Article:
• I understand your concern. There’s a back county road between Faribault and Northfield that is frequented by bicyclists. It’s a curvy, hilly and narrow road, making it difficult to see cyclists. You summarize it well: “Care has to be taken by all.”

  2. Almost Iowa Says:

    I remember weaving up a dangerous set of switchbacks in the Alps and being passed by motorcyclists – doing wheelies. 😦

  3. treadlemusic Says:

    I’m sure you noticed the type/style of bike that is the most “guilty” of this method of riding. Not to make any excuses for many who are recklessly darting back and forth, but I can totally understand that technique (that should not{?} be employed in a public setting) as I have owned and ridden such a vehicle and thoroughly enjoyed “careening” through our local countryside on all our twisting roads at speeds that (possibly) would be termed ‘excessive’. Sadly it’s the “nature of the beast”. Add to that the average age of the owner (generally late teens to 20-something/college age) and it is a recipe for disaster. As a motorist, sharing the roadways with riders like these, I know that it is more than startling to have one suddenly appear, then disappear, in the immediate vicinity.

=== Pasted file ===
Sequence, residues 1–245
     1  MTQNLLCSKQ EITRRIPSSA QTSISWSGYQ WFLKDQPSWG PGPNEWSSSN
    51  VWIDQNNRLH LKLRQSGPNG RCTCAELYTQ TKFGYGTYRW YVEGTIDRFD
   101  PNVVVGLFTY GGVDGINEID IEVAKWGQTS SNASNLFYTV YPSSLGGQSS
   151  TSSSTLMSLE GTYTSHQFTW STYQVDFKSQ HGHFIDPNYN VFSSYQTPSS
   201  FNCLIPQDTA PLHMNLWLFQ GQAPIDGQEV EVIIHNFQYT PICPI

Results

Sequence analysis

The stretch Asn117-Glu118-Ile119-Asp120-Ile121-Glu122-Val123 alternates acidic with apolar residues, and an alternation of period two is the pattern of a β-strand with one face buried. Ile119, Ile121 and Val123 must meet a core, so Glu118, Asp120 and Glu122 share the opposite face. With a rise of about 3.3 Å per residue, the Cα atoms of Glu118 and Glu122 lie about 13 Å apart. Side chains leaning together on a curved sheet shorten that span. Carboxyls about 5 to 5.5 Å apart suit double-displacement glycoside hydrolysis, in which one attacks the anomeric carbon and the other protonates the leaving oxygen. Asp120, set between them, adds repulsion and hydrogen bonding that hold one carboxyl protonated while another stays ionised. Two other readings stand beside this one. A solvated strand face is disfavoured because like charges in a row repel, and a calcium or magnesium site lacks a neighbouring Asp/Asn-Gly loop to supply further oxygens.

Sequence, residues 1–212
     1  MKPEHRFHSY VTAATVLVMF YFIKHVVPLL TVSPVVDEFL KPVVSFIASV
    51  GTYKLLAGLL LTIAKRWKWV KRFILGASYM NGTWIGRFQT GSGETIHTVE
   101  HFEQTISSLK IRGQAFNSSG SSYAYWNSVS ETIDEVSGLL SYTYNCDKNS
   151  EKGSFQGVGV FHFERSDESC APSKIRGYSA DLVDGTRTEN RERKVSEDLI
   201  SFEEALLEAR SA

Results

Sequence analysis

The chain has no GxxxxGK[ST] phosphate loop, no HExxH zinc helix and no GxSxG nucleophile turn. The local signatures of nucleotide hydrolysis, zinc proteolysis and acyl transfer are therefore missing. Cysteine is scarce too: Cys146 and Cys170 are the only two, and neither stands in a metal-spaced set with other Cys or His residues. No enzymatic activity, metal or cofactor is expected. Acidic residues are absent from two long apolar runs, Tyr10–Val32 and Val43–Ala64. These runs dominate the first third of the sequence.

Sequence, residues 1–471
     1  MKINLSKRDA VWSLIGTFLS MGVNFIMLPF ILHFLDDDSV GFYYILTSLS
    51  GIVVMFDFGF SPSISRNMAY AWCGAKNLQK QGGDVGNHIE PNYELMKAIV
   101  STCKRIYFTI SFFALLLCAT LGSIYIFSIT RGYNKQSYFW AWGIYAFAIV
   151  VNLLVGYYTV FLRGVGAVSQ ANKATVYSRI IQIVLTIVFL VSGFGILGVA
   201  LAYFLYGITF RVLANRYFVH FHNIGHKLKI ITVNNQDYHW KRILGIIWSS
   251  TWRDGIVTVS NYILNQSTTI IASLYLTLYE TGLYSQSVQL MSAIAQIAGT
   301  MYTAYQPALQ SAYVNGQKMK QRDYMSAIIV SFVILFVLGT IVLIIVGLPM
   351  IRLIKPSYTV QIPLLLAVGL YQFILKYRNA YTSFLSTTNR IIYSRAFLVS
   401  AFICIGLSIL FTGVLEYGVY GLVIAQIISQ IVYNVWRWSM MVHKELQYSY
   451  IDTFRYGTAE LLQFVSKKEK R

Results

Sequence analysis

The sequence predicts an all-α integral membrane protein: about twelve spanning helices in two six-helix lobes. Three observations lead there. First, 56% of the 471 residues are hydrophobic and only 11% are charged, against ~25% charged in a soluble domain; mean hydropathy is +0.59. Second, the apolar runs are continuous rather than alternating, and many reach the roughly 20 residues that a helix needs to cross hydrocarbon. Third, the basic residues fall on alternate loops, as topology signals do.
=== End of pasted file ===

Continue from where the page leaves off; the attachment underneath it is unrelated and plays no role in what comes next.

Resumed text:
Thank you for raising the awareness that we must ALL be driving defensively!!!!!!!!

    • I knew you would offer some good insights. Yes, I definitely noticed the type of bike and the ages of the drivers.

      • treadlemusic Says:

        I had my “rocket” for 1 summer (along with a large “bagger” style Kawasaki Nomad) and road it to work/pharmacy every day………and, yes, I rode it the way you experienced (although, there isn’t much traffic between my place and Winona!!!!). I did do a ton of riding on all the local, and not-so-local twisty roads in a 150 mile radius of home…….and, then, I sold it……..w/o getting a speeding ticket or doing bodily injury to myself!!!!!!! Sigh……it was such fun!!!!!!!!

      • Looking back, do you think you should have been more cautious in driving your “rocket?” You definitely have a wild, carefree streak, don’t you?

      • treadlemusic Says:

        Ummmmm….nope! (sorry……..)

  4. Thread crazy Says:

    Unfortunately there are more biker related deaths than we care to think about. Sometimes I feel the bikers must think they are indestructible…we see the same thing here on I35, weaving in an out through traffic at high rates of speed. With an army base close by, each week it seems another biker has been involved in some type of accident. Our oldest son and wife ride and we too think of their safety each time they take a trip…it only takes one individual not paying attention.